The Malibu Top G3100 is sporty and stylish for all body types!  The Y-neck mock wrap has tonal screen print at neckline and patch pockets sewn into hem for durability.  Side slits, made of 65% polyester and 35% cotton.  Available in navy, black, slate gray, fierce fuchsia and electric blue. 


To shop our full line of Koi Scrubs, visit

Friday, January 4, 2013

Laurel Uniforms is now a PERKA Merchant

We are pleased to announce that Laurel Uniforms and Apparel is now a PERKA merchant!  What is PERKA, you ask?

PERKA is a smartphone loyal customer reward program app that you use on either your iPhone or Android phone.  If you don't have a smartphone, (you just use a basic cell phone), you can still continue to use our Laurel Customer Loyalty Cards to earn rewards. 

A:  From your smartphone, text “Laurel” to 330-400-3300 and then follow the text instructions - it’s THAT easy!   
B:  Or, visit our website at, and click on the “We Love Regulars” icon in the upper left corner.  Once you click the icon, simply follow the prompts to download the app and start earning points!

And to get you started, just for signing up,   you automatically earn 25 points!

HOW TO CONTINUE EARNING POINTS:  When you visit Laurel Uniforms, simply open the PERKA app on your smartphone and click “check in” at the bottom.  This will notify us that you have arrived!  Then, once you make your selections, let us know you want to earn more PERKA points and we will then confirm your purchase points to your PERKA account at the time of purchase.  At any point, we are happy to let you know how many “available points” you currently have.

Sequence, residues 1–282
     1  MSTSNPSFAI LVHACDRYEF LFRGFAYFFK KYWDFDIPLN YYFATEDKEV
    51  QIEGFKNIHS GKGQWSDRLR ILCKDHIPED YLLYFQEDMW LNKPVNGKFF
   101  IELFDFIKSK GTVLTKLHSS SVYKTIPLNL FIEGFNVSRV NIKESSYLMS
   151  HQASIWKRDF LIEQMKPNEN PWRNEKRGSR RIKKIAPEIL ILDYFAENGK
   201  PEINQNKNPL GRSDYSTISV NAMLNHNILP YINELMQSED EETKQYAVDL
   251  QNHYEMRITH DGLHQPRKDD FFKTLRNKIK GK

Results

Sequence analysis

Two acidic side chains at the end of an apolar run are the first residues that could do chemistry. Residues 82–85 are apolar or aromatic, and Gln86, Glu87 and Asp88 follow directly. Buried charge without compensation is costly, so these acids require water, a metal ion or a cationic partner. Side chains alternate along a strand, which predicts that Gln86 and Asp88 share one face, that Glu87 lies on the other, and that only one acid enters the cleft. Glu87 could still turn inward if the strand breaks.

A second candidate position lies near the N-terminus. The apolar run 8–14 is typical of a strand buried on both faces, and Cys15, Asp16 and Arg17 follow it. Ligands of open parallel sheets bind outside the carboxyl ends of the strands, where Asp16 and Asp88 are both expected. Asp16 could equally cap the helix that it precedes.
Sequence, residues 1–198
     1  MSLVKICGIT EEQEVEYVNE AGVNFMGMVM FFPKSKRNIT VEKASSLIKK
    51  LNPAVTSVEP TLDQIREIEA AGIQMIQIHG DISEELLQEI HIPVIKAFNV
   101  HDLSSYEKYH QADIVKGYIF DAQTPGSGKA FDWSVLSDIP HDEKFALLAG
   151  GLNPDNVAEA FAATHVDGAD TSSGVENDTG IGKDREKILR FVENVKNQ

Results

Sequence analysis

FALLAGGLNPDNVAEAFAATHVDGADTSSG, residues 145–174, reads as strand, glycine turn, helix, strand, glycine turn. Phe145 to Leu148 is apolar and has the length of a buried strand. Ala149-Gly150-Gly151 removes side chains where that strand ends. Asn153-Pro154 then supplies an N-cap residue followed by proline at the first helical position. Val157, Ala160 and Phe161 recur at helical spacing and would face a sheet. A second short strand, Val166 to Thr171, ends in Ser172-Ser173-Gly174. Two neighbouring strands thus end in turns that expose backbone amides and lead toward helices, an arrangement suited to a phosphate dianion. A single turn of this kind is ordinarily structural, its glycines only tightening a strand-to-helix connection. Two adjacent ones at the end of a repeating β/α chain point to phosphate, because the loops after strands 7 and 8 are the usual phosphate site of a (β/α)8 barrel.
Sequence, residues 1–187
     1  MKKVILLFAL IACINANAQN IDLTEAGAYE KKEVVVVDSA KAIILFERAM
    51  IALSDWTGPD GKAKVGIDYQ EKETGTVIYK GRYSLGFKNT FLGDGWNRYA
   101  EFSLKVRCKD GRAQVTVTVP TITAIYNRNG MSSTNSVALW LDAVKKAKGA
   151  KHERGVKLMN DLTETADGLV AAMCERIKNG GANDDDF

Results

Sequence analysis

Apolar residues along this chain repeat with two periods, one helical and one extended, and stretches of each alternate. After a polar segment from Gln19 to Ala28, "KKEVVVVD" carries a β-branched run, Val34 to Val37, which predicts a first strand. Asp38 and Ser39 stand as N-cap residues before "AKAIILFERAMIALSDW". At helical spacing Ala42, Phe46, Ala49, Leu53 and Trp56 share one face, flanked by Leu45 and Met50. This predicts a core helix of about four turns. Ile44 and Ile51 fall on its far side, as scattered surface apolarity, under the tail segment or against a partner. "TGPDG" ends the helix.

REWARDS:  To start earning rewards, download the PERKA app to your smartphone and sign up as a Laurel Loyal Customer, and you will automatically get 25 points!  Then, when you earn 200 or more points, you then receive $20 off your next purchase.  Each dollar spent is equal to one point.

Again, this is just for Laurel Uniform customers at this point, but we do hope to add Mountain View Medical Supply as a PERKA merchant sometime in the future. 

Wednesday, January 2, 2013

Vitamin B-12 Replacement Therapy for Ileostomates

by Bob Baumel, Ostomy Association of North Central Oklahoma, UOAA update 7/2012

Vitamin B-12 is, under normal conditions, absorbed in only a small section of the terminal small intestine (ileum), raising the possibility of B-12 deficiency if that section of the ileum has been removed surgically or damaged by disease.  People who may have lost that portion of ileum include some ileostomates, people who had a J-pouch or Kock pouch, and some people with urinary diversions (especially continent urinary diversions) made using the terminal ileum.  A condition such as Crohn's disease may have damaged the terminal ileum, even if it hasn't been removed surgically.